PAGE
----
GSECARS has embarked on a significant reconfiguration of the entire setup at 13-ID as they prepare to upgrade to two canted undulators. The upgrade will be funded by $2.3 million provided by DOE, NASA, and NSF and by part of the $5.6 million awarded to the APS under the American Reinvestment and Recovery Act (ARRA).
The ARRA money (and existing APS staff and resources) will support design, fabrication, and installation of the two undulators and a new front end. Outside the shield wall, the main work will involve splitting the C station into two stations. The new C1 station will house a next generation, submicron microprobe; one undulator will be dedicated to this station and optimized for these lower energy microprobe studies. In the C2 station, the diffractometer, diamond anvil cell apparatus, and multi-anvil press will share the second undulator, which will be optimized for high energy. A new personnel door will be installed and the control area will be rearranged. There's a lot of detailed design work ahead. Fortunately, the D station will remain unchanged! The project started this fall and will take two years to complete. GSECARS aims to accomplish all this without losing any user operation time!
In response to a request for an administrative supplement for its active grant from the National Center for Research Resources/NIH, BioCARS received $342,000 in additional funding (the request was not part of the ARRA program). The funds will support several important 14-ID enhancements in the coming year and will help accelerate the tempo of the current scientific research program at BioCARS.
Planned improvements include a suite of new optics and instrumentation to support micro-crystal studies and time-resolved crystallography, a new high-heat-load X-ray chopper, an automated door for the 14-ID-B experimental station, and a new timing module that will enhance the flexibility and capability in supporting time-resolved studies.
The instrumentation and optics suite for microcrystallography will now include high-precision translation stages, a KB mirror system for secondary focusing, and submicron positioning stages and controller for fine positioning of small crystals. New items for time-resolved studies will include a new electronics board for the nanosecond laser, a high-intensity cw Xe lamp, spectrometers for broadband absorption and fluorescence measurements, an additional objective for the microspectrophotometer (for fluorescence measurements), and a programmable syringe pump for time-resolved flow-cell crystallography and solution scattering experiments. [top]
The management contract between CARS and IMCA ended on December 31, 2009. Under the five-year contract, CARS provided technical expertise with the objective of upgrading 17-ID to a state-of-the-art high-throughput facility for structural biology in support of drug design. The upgrade is complete, and 17-ID now provides a very stable, very small beam with high flux, made possible by state-of-the-art adaptive optics. IMCA has reached a new management agreement with Hauptman Woodward Medical Research Institute. [top]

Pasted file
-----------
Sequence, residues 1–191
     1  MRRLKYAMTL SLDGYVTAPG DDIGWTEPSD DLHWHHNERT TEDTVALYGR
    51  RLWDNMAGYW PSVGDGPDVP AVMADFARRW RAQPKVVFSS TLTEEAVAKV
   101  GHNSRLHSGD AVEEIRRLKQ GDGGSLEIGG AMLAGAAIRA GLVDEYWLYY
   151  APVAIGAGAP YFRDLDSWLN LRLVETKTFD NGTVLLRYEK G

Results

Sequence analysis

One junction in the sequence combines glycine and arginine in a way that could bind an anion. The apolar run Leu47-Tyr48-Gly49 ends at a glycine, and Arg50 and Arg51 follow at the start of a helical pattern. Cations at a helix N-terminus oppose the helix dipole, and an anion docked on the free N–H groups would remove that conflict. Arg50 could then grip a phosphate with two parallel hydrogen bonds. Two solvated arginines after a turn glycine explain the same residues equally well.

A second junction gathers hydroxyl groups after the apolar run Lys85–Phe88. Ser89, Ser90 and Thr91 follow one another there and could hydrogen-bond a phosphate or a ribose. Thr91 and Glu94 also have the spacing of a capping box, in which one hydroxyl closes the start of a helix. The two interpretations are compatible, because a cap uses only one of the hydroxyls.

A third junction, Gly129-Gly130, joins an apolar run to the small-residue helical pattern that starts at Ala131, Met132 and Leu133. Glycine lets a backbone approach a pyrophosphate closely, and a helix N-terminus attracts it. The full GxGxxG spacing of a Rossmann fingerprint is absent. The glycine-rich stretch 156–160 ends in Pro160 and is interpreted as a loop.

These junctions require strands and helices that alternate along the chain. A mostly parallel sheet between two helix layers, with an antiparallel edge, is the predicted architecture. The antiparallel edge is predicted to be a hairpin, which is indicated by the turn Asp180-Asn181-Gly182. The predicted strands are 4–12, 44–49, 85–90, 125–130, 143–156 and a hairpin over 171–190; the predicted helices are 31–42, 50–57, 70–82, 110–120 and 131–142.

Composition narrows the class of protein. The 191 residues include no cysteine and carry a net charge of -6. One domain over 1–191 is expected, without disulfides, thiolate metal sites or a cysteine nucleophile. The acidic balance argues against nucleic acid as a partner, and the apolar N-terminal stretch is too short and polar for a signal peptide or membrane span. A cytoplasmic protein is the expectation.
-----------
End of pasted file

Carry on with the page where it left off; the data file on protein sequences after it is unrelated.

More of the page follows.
August 15, 2009, marked the end of a contract with FermiScan, a company seeking to develop a diagnostic method for breast cancer based on x-ray analysis of hair. Under the contract, CARS provided technical support and hosted a visiting scholar, Gary Corino. [top]
The small-angle scattering instrument at 15-ID will resume operation early in 2010 under a collaborative agreement between CARS and the APS. The APS ultra-small-angle scattering (USAXS) program at the APS, headed by Jan Ilavsky, will move to 15-ID-D and will operate within the ChemMatCARS user program. [top]
The administrators ask that you schedule all conference room use. You can check the room availability through the APS conference room calendar, available by local or VPN access (434 schedule). To schedule room 434-C010, contact Katie Tietz, 2 0450, email@example.com. [top]
Among the newest members of the CARS staff is Yongseong (Yong) Choi, who has been quietly plying his trade since November 2008 as a beamline scientist in GSECARS, responsible for x-ray microprobe and spectroscopy experiments. However, before joining the staff, Yong was no stranger to CARS, as his postdoctoral position with Kathy Kitts at Northern Illinois University (2008) was largely based here. Prior to that, he held a postdoctoral position in the Materials Science Division at Argonne. Yong received his Ph.D. in materials science and engineering from Northwestern University in 2005, where he studied the properties of magnetic materials. [top]
Patrick Dell officially joined the CARS staff in December as a Mechanical Design Engineer, working primarily in GSECARS. He can be reached at firstname.lastname@example.org. Patrick was previously on the staff of the University of Chicago Engineering Center and had already been supporting GSECARS in his current role. [top]
ChemMatCARS 2009 summer employee Janet Soltau was one of 100 DOE-funded undergraduate researchers selected to present their posters at a competition on November 8 and 9 at Oak Ridge National Laboratory. Janet is presently a senior majoring in physics, math, and education at the University of Vermont; she plans to become a science teacher. Her work at ChemMatCARS, conducted with Binhua Lin, K.I. Kim, and Brian Leahy of the University of Chicago, was supported by the Pre-Service Teachers program of Argonne's Division of Educational Programs. Her poster, titled "Silver Nanoparticle Monolayer Surface Morphology," is presently on display at the entrance to the 15-ID control area.